A series of mild geomagnetic storms could hit the earth on Monday and Tuesday (March 14 and 15), according to US and UK government weather agencies, after a moderate solar flare erupted from the sun’s atmosphere a few days ago
The storms shouldn’t do any damage Earthapart from possibly confusing radio transmissions and affecting the stability of the power grid at high latitudes – however, the Northern lights could be seen at lower latitudes than usual, possibly as far north as New York and Idaho in the US, the US said National Oceanic and Atmospheric Administration (NOAA).
NOAA assigned the incoming storms a G2 category on Monday and a G1 category on Tuesday, based on the agency’s five-point solar storm scale (G5 being the most extreme). According to NOAA, Earth experiences more than 2,000 G1 and G2 category solar storms each decade and is currently in the midst of a mild solar storm band; the latest G2 storm brushed the ground on Sunday (March 13) and passed early in the morning without major problems.
Like all geomagnetic storms, Monday and Tuesday’s predicted events stem from a burst of charged particles exiting the Sun’s outermost atmosphere, or corona. These bursts, known as coronal mass ejections (CMEs), occur when magnetic field lines in the Sun’s atmosphere tangle and break, ejecting bursts of plasma and magnetic field into space.
These large clumps of particles sail through the Solar System on the Sun’s solar wind, occasionally pulling directly over Earth, compressing our planet’s magnetic shield in the process. This compression triggers the geomagnetic storm.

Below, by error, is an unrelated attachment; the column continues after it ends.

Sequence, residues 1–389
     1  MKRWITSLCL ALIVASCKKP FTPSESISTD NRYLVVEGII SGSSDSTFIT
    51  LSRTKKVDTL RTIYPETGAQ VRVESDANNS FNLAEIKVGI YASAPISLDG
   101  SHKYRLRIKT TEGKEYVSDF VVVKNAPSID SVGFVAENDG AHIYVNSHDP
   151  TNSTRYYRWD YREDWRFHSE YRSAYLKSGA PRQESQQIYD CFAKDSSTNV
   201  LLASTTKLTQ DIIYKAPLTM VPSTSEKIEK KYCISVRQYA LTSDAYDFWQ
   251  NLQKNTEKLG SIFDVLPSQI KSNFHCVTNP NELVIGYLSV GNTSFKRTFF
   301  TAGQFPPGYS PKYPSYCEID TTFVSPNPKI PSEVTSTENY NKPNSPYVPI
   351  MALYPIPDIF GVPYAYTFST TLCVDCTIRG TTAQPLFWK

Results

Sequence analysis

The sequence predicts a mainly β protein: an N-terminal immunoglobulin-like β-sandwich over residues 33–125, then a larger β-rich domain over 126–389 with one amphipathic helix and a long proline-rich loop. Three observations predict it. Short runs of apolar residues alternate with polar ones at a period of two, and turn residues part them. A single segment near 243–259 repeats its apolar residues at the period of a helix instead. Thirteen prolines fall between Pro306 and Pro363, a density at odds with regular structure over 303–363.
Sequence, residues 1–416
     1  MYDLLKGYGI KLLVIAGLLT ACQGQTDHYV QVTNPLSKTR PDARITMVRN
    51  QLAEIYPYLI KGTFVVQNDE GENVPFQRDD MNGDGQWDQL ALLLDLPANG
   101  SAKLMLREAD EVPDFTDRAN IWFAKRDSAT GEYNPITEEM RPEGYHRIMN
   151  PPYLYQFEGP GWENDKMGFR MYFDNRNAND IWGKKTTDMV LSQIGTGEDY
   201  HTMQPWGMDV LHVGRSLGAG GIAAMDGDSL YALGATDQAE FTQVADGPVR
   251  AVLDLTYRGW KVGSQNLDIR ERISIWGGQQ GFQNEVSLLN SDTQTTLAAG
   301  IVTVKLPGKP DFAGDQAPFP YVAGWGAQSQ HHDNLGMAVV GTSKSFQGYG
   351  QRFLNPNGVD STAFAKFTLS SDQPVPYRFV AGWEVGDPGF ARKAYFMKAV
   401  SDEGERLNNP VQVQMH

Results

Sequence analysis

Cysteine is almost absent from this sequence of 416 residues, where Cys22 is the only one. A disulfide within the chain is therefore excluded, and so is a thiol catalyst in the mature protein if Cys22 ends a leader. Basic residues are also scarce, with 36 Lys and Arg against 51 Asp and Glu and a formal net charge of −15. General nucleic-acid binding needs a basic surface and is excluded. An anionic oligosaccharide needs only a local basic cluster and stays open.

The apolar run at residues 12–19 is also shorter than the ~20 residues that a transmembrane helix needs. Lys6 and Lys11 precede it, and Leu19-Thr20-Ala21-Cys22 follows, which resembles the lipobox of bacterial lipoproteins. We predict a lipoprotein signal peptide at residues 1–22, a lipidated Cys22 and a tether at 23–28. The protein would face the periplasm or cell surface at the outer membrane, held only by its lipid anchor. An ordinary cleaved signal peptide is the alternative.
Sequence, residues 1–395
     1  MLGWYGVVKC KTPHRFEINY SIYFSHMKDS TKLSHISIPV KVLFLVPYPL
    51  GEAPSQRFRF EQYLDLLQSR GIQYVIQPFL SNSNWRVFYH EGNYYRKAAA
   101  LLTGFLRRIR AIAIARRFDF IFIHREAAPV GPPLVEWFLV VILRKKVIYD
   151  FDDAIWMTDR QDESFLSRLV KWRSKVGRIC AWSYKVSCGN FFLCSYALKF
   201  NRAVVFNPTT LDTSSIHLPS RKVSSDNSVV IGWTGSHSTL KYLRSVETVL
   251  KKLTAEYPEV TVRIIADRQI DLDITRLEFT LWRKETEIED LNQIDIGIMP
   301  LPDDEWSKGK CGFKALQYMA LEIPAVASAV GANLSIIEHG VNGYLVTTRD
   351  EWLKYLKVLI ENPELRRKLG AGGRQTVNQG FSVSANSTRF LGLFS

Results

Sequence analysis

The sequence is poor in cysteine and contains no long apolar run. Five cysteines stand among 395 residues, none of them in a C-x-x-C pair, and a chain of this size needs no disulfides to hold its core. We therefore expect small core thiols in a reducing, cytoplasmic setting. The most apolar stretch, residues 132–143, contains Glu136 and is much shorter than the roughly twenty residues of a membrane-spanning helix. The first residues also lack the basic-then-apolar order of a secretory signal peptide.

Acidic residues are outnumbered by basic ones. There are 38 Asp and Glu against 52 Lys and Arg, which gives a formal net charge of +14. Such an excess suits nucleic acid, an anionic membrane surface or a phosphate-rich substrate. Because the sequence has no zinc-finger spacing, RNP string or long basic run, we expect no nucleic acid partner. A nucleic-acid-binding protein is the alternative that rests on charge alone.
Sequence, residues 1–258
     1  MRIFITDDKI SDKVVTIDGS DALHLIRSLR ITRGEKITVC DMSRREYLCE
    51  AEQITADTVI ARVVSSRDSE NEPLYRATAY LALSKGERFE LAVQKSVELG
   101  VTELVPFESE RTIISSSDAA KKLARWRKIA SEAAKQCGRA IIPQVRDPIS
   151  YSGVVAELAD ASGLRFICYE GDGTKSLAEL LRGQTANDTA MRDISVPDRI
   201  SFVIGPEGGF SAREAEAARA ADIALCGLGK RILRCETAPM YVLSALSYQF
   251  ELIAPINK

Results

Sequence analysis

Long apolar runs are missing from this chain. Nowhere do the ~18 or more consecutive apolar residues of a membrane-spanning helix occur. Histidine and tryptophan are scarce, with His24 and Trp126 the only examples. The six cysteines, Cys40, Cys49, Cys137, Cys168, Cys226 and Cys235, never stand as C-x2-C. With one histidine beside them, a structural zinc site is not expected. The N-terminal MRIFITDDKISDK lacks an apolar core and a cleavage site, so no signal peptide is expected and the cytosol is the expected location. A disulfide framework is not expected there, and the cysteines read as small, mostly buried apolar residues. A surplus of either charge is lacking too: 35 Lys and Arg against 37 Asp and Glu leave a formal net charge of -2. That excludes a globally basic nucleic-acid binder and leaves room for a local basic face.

According to NOAA, the vast majority of storms are mild and only manipulate technology in space or at very high latitudes. But larger CMEs can trigger much more extreme storms – like the infamous Carrington event of 1859, which induced electrical currents so powerful that telegraph equipment burst into flames, according to NASA. Some scientists have warned that another solar storm of this magnitude could throw Earth into a “Internet apocalypse‘ that take nations offline for weeks or months, Live Science previously reported.
Solar storms are also responsible for the aurora. When CMEs impact Earth’s atmosphere, solar plasma ionizes the surrounding area oxygen and nitrogen molecules there and make them glow. Powerful CMEs can push the aurora to much more southerly latitudes than usual; According to NASA, during the Carrington Event, the Northern Lights could be seen in Hawaii.
The Sun has been spewing out CMEs almost every day since mid-January (though not all have crossed their paths with Earth), according to NOAA. This is to be expected as we approach that portion of the Sun’s 11-year activity cycle known as Solar Maximum – the point when solar storms and CMEs are most active. The next solar maximum will be reached around July 2025, during which time solar activity will likely increase.
Originally published on Live Science.
Two geomagnetic storms to hit Earth on March 14 and 15, NOAA warns Source link Two geomagnetic storms to hit Earth on March 14 and 15, NOAA warns